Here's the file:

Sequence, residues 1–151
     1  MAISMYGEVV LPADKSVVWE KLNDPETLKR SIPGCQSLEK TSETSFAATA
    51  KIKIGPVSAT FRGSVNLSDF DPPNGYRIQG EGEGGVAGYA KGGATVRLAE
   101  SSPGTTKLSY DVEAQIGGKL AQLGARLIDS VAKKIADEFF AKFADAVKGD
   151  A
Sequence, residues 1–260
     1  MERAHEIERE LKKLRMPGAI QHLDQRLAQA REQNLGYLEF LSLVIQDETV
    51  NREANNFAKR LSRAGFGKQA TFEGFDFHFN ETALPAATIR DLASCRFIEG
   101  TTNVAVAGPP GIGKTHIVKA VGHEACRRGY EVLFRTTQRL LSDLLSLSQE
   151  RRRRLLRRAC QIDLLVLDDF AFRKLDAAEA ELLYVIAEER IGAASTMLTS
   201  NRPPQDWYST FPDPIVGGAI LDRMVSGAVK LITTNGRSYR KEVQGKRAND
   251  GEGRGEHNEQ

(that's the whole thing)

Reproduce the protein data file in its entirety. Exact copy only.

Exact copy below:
Sequence, residues 1–151
     1  MAISMYGEVV LPADKSVVWE KLNDPETLKR SIPGCQSLEK TSETSFAATA
    51  KIKIGPVSAT FRGSVNLSDF DPPNGYRIQG EGEGGVAGYA KGGATVRLAE
   101  SSPGTTKLSY DVEAQIGGKL AQLGARLIDS VAKKIADEFF AKFADAVKGD
   151  A
Sequence, residues 1–260
     1  MERAHEIERE LKKLRMPGAI QHLDQRLAQA REQNLGYLEF LSLVIQDETV
    51  NREANNFAKR LSRAGFGKQA TFEGFDFHFN ETALPAATIR DLASCRFIEG
   101  TTNVAVAGPP GIGKTHIVKA VGHEACRRGY EVLFRTTQRL LSDLLSLSQE
   151  RRRRLLRRAC QIDLLVLDDF AFRKLDAAEA ELLYVIAEER IGAASTMLTS
   201  NRPPQDWYST FPDPIVGGAI LDRMVSGAVK LITTNGRSYR KEVQGKRAND
   251  GEGRGEHNEQ